“Sleuth,” which premiered at the Edison Theatre last Thursday is a Tony award winning play written by Anthony Shaffer in 1970 that takes place in the English manor of an eccentric mystery writer named Andrew Wyke. Wyke, who has a morbid obsession with both murder and games, invites his wife’s lover, Milo Tindle, over to the house and sets about convincing the younger man to stage a robbery of some well insured jewelry. Driven by his own greed and the fear that he will not be able to support Wyke’s wife in the way in which she is accustomed, Milo reluctantly agrees. Claiming that he will commit the robbery out of love, Milo states, “You’ve got to be serious about love.” The cynical Wyke retorts by saying, “You’ve got to be serious about crime if you want to be in love.”
This proposal sets off a wild game of cat and mouse. The only question is, “who is the cat, and who is the mouse?” In this instance, the play’s title, “Sleuth,” actually refers to the audience itself. It is up to the audience to put the pieces together and figure out who is playing whom. “The audience is a character in the play,” says play director Allison McDonell Page.
Page, a former actress in New York City and Los Angeles, is a Sierra Classic Theatre board member who has directed, “August: Osage County,” and “Proof,” for SCT, amongst others. However this is her first time directing a play for the Mammoth Lakes Repertory Theatre. In “Sleuth” she does a tremendous job working with such a small cast. Rick Phelps, who plays Andrew Wyke, and Kevin Green, who plays Milo Tindle, had nothing but praise for Allison and spoke about what a thrill working with Page was. Phelps himself is no stranger to the stage, he earned rave reviews for his performance as Big Daddy in “Cat on a Hot Tin Roof, “ and this marks his third time working with Page, who directed him in a supporting role in “August: Osage County” and the lead role in “Proof.” Phelps does a spectacular job in bringing out all of Wyke’s quirkiness and ruthlessness. Kevin Green made his theatrical debut in last summer’s SCT production of, “The Complete Works of William Shakespeare.” Here he returns to the stage to play Milo Tindle, the young lover of Wyke’s wife. Green brings great energy to the stage and a multidimensional performance that was quite impressive.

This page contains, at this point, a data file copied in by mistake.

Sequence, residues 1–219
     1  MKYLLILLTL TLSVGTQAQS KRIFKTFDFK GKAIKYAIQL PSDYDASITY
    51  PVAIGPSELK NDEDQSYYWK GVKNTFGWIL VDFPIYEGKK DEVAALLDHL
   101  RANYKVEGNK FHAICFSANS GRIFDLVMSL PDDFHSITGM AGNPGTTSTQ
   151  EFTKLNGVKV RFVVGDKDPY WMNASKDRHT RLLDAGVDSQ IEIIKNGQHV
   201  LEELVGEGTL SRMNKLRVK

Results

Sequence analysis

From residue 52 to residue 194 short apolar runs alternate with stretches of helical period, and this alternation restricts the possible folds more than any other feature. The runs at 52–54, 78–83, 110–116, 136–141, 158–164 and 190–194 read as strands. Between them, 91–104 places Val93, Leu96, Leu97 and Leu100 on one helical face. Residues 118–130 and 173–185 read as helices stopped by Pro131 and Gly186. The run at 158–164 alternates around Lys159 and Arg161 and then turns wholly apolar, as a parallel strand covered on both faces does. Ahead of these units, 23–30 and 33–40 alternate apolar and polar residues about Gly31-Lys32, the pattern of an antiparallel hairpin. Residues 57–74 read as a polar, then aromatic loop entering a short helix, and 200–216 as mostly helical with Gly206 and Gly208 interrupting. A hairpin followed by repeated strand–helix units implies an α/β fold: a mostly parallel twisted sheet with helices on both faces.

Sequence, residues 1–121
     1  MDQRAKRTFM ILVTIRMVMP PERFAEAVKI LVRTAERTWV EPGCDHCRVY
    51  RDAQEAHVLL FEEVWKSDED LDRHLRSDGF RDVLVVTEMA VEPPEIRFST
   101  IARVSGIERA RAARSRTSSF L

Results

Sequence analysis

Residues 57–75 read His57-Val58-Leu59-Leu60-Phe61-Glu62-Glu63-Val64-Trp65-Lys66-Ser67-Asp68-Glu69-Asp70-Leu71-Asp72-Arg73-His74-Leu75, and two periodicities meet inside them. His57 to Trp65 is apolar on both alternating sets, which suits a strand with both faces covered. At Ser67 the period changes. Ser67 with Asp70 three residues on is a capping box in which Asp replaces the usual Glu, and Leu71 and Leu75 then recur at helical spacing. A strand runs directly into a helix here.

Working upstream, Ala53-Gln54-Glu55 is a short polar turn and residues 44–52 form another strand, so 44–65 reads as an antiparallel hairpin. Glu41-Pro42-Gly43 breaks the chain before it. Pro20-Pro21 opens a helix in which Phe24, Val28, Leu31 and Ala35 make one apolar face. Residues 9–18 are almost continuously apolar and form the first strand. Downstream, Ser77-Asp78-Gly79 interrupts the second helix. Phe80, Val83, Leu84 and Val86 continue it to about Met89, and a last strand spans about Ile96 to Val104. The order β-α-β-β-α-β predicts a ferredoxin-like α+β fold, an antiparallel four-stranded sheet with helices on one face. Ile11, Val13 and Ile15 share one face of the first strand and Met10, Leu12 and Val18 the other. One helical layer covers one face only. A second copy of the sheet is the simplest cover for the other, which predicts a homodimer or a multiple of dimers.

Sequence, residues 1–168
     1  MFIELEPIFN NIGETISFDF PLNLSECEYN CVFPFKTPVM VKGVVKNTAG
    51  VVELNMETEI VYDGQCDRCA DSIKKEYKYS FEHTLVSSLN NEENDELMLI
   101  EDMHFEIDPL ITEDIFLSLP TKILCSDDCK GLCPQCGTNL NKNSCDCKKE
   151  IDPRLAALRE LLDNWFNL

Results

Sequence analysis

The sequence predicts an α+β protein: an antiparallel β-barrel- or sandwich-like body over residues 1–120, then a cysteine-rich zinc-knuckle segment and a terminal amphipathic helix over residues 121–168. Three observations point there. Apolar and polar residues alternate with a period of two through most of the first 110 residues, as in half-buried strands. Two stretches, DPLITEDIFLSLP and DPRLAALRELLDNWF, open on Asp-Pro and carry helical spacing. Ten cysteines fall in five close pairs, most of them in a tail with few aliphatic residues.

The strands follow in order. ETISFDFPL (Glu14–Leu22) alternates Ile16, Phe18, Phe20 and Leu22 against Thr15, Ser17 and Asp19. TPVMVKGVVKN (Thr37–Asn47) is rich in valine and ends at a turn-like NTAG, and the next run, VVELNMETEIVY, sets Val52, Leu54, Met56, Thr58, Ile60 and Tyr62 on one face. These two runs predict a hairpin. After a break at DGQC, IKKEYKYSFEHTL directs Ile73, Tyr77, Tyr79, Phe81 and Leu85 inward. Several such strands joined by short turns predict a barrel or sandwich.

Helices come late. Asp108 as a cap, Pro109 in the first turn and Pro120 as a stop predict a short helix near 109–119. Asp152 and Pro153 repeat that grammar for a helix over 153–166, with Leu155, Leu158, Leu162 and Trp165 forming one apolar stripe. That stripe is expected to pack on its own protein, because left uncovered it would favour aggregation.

I would love to say more about this great play at the Edison Theatre, but I feel like I would give too much away. There are some big reveals that happen in the play and it is up to you, the audience, to figure it out. The director, Allison McDonnel Page, asks that you,” don’t watch the movie before you see it (“Sleuth”). It is more fun if you don’t know anything about it.” So come and figure out the mystery at the Edison Theatre. “Sleuth” is running until April 13th with showtime Thursday through Saturday at 7 PM and a Sunday Show at 4 PM. For more information or to purchase your tickets go to www.EdisonTheatre.org.